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Polymorphisms in human CYP2C8 decrease metabolism of the anticancer drug paclitaxel and arachidonic acid

Dai, Ding; Zeldin, Darryl C.; Blaisdell, Joyce A.; Chanas, Brian; Coulter, Sherry J.; Ghanayem, Burhan I.; Goldstein, Joyce A.

Original Article

Cytochrome P450 (CYP) 2C8 is the principal enzyme responsible for the metabolism of the anti-cancer drug paclitaxel (Taxol). It is also the predominant P450 responsible for the metabolism of arachidonic acid to biologically active epoxyeicosatrienoic acids (EETs) in human liver and kidney. In this study, we describe two new CYP2C8 alleles containing coding changes:CYP2C8*2 has an Ile269Phe substitution in exon 5 and CYP2C8*3 includes both Arg139Lys and Lys399Arg amino acid substitutions in exons 3 and 8. CYP2C8*2 was found only in African-Americans, while CYP2C8*3 occurred primarily in Caucasians. Neither occurred in Asians. The frequency of the CYP2C8*2 allele was 0.18 in African-Americans, and that of CYP2C8*3 was 0.13 in Caucasians. CYP2C8*1 (wild-type), CYP2C8*2 and CYP2C8*3 cDNAs were expressed in Escherichia coli, and the ability of these enzymes to metabolize both paclitaxel and arachidonic acid was assessed. Recombinant CYP2C8*3 was defective in the metabolism of both substrates. The turnover number of CYP2C8*3 for paclitaxel was 15% of CYP2C8*1. CYP2C8*2 had a two-fold higher Km and two-fold lower intrinsic clearance for paclitaxel than CYP2C8*1. CYP2C8*3 was also markedly defective in the metabolism of arachidonic acid to 11,12- and 14,15-EET (turnover numbers 35–40% that of CYP2C8*1). Thus, CYP2C8*3 is defective in the metabolism of two important CYP2C8 substrates: the anticancer drug paclitaxel and the physiologically important compound arachidonic acid. This polymorphism has important clinical and physiological implications in individuals homozygous for this allele.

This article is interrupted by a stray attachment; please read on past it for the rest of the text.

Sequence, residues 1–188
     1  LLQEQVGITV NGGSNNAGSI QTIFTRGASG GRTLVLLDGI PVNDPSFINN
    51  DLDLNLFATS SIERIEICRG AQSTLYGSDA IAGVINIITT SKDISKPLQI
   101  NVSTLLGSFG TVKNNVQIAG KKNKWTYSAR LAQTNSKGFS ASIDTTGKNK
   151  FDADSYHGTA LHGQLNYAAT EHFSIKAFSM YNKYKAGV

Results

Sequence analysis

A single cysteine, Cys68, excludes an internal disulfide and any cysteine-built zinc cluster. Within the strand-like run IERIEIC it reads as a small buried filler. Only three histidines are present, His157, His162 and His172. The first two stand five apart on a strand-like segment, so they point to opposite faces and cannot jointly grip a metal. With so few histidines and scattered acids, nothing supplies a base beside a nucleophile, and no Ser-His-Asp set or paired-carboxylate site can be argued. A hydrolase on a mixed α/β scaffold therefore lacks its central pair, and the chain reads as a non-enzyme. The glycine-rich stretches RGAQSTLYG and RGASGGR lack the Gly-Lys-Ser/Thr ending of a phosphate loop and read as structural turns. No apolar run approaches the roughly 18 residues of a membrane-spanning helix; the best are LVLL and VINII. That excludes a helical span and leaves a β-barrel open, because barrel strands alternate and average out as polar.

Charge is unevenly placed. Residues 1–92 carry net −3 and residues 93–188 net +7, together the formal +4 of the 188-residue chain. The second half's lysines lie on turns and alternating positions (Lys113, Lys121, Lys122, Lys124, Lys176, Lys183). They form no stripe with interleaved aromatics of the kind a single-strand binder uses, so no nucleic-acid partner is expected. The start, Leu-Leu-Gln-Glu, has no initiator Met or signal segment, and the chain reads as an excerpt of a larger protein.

Laboratories of Pharmacology and Chemistry and Pulmonary and Pathobiology, National Institute of Environmental Health Sciences, Research Triangle Park, NC, USA

Received 6 November 2000; accepted 12 February 2001

Correspondence to Dr Joyce A. Goldstein, MD A303, PO Box 12233, NIEHS, RTP, NC 27709, USA Tel: +1 919 541 4495; fax: +1 919 541 3647; e-mail: goldste1@niehs. nih.gov

1CYP2C8*1 represents the first wild-type CYP2C8 gene sequence reported (Klose, 1999). CYP2C8*2 differs from CYP2C8*1 by a C to T in IVS1-37, a G to A in IVS2-36, the insertion of a T in IVS2-13, an A to T at bp 805 in exon 5 coding for Ile269Phe, a T to A at IVS7+49, an A to G at IVS8-92, and a C to T in IVS9+24. CYP2C8*3 differs from CYP2C8*1 by a C to T at IVS1-37, a G to A at IVS2-36, a G to A at bp 416 in exon 3 coding for Arg139Lys, a T to A at IVS7+49, an A to G at bp 1996 in exon 8 coding for Lys399Arg, and a C to T at IVS9+24. The linkages were obtained from individuals homozygous for the Ile269Phe change (CYP2C8*2) and the Arg139Lys, Lys399Arg (CYP2C8*3) mutations.

© 2001 Lippincott Williams & Wilkins, Inc.